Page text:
The L40S GPU is also tailored to address the needs of professional visualization workflows, providing real-time rendering, product design, and 3D content creation capabilities. With 142 third-generation RT Cores delivering 212 teraflops of ray-tracing performance, creative professionals can create immersive visual experiences and produce photorealistic content.

The Nvidia L40S GPU is equipped with 18,176 CUDA cores, delivering nearly five times the single-precision floating-point (FP32) performance of the Nvidia A100 GPU. This significant computational power accelerates complex calculations and data-intensive analyses, making it ideal for computationally demanding workflows such as engineering and scientific simulations.

CoreWeave, a cloud service provider specializing in large-scale, GPU-accelerated workloads, is among the first to offer L40S instances.

Enterprises deploying L40S GPUs can leverage the Nvidia AI Enterprise software, which offers production-ready enterprise support and security for over 100 frameworks, pretrained models, toolkits, and software.

The Nvidia L40S will be available starting this fall. Global system builders, including ASUS, Dell Technologies, GIGABYTE, HPE, Lenovo, QCT and Supermicro, will soon offer OVX systems that include the Nvidia L40S GPUs.

Nvidia Maxine

Nvidia Maxine

Nvidia also introduced Maxine, a suite of GPU-accelerated software development kits and cloud-native microservices. Maxine aims to revamp real-time communications services and platforms by enabling professionals, teams, and creators to harness the power of AI and create high-quality audio and video effects.

Maxine’s advanced features, including Background Noise Removal, Super Resolution, and Eye Contact, enhance interpersonal communication experiences, allowing remote users to improve audio and video quality even in challenging environments with poor connectivity or while on the move. Furthermore, Nvidia partners have integrated Maxine into video editing workflows, opening up new possibilities for engaging and captivating video communication.

Maxine’s expansion into video editing introduces new features for professionals. With Maxine, users can maintain eye contact with the camera while referencing notes or scripts, enhancing their on-screen presence. Additionally, professionals can film videos in low resolution and later enhance the quality using AI-powered upscaling. Maxine also enables users to record videos in multiple languages and export them in English, facilitating multilingual content creation.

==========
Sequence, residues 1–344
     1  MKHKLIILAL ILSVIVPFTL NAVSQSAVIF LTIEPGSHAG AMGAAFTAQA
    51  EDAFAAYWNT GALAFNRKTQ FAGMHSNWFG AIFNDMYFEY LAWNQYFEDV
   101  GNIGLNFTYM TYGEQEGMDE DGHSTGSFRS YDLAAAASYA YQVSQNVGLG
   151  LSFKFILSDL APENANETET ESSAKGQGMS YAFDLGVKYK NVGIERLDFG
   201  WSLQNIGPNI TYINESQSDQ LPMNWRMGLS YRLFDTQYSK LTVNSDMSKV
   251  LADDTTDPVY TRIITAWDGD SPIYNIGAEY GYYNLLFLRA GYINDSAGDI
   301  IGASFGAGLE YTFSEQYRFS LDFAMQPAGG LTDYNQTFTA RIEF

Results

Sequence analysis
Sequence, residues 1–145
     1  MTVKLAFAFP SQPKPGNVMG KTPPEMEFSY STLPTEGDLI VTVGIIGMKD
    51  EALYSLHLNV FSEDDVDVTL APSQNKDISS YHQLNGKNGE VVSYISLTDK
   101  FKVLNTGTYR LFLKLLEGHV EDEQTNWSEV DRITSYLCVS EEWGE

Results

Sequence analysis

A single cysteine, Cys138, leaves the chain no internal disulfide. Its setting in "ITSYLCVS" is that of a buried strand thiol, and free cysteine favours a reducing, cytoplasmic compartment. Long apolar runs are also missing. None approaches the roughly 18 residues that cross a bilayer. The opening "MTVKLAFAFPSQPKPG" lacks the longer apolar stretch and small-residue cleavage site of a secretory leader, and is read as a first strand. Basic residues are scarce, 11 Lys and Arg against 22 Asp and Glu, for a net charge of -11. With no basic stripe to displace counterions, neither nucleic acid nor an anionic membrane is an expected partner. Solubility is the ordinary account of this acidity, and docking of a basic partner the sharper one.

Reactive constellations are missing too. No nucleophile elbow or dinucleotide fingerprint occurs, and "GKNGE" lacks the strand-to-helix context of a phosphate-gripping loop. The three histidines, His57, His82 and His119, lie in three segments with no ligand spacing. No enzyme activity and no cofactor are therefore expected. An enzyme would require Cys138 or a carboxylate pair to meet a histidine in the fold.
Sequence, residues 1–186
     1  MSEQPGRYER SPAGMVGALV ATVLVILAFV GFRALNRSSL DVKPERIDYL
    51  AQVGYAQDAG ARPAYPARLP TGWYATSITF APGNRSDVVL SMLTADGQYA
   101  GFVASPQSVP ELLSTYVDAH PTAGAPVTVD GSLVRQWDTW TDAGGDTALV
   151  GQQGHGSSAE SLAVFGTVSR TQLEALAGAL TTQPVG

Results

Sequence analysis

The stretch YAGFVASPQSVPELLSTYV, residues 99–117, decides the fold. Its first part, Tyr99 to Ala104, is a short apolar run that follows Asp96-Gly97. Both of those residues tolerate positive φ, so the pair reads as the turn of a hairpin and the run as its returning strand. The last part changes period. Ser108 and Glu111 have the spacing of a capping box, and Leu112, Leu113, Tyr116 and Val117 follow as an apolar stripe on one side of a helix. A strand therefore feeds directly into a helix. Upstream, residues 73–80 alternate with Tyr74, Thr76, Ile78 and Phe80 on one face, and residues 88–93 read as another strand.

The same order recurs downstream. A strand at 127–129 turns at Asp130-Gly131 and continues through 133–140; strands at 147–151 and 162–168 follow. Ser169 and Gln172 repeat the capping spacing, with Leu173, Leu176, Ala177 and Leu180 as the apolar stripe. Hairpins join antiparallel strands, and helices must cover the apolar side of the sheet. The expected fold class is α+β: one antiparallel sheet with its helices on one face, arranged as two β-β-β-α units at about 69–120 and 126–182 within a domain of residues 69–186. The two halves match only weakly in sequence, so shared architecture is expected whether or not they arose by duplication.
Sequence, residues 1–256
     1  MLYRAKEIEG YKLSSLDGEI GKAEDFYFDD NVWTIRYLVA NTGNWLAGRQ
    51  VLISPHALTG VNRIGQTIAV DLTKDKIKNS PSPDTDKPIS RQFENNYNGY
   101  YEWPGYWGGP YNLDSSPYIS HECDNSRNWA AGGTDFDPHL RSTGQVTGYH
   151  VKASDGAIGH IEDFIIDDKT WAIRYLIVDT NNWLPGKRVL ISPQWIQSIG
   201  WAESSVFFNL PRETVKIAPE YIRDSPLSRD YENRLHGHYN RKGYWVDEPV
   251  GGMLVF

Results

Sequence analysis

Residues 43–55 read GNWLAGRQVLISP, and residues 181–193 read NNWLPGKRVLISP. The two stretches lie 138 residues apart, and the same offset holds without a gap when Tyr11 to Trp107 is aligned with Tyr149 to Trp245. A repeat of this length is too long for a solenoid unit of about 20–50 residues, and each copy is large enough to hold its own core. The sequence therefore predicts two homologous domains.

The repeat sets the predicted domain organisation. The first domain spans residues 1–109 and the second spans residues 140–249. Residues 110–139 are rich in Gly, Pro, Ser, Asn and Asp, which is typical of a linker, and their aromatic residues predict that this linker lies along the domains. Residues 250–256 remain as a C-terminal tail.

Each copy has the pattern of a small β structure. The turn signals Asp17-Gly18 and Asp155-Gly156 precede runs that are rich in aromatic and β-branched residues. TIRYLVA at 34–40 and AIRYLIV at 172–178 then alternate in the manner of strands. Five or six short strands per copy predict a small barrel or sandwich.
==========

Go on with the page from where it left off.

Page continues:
The forthcoming Maxine features to be released in early access this year include:

  • Interpreter: Translates speech from simplified Chinese, Russian, French, German, and Spanish to English while animating the user’s image to match the English speech.
  • Voice Font: Applies the characteristics of a speaker’s voice and maps it to the audio output, enabling customization and personalization.
  • Audio Super Resolution: Improves audio quality by increasing the temporal resolution of the audio signal and extending bandwidth, resulting in enhanced clarity and fidelity.
  • Maxine Client: Optimized for low-latency streaming, this application brings the AI capabilities of Maxine’s microservices to video-conferencing sessions on PCs. It utilizes GPU compute in the cloud to deliver seamless AI-enhanced communication experiences.

Maxine can be deployed in the cloud, on premises, or at the edge, ensuring that high-quality communication is accessible from virtually anywhere.

Several partners and customers have already integrated Maxine into their workflows and applications, delivering exceptional video conferencing and editing experiences. Descript, a software company, leverages Maxine’s Eye Contact feature, allowing users to maintain on-screen presence while delivering their scripts.

3D video for immersive communication

Nvidia Research has also announced a development in the field of immersive communication with the introduction of AI-powered 3D video technology.

The new research, detailed in a recently published paper, demonstrates how artificial intelligence can enable a 3D video-conferencing system with minimal capture equipment, revolutionizing the accessibility and cost-effectiveness of 3D telepresence.

Traditional 3D telepresence systems have been limited by their high costs, extensive spatial requirements, and reliance on high-bandwidth, volumetric video streaming. These limitations have hindered the widespread adoption of the technology. However, Nvidia Research has now presented a method that utilizes a VisionTransformer-based encoder to convert 2D video input from a standard webcam into a real-time 3D video representation.

The breakthrough technology, powered by AI, eliminates the need for the transmission of 3D data between conference participants, ensuring that bandwidth requirements remain the same as those for a standard 2D conference. By leveraging volumetric rendering, the system automatically generates a 3D representation, known as a neural radiance field (NeRF), from the user’s 2D video. This allows participants to stream 2D videos while decoding high-quality 3D representations in real time, creating a truly immersive communication experience. Additionally, Nvidia’s Maxine platform introduces Live Portrait, enabling users to bring their portraits to life in 3D.

The implications of AI-mediated 3D video conferencing are far-reaching. The technology has the potential to significantly reduce the cost of 3D capture, provide high-fidelity 3D representations, accommodate photorealistic or stylized avatars, and enable mutual eye contact during video conferences. Furthermore, this research lays the foundation for future Nvidia technologies in the field of video conferencing, promising to elevate communication and virtual interactions to new heights.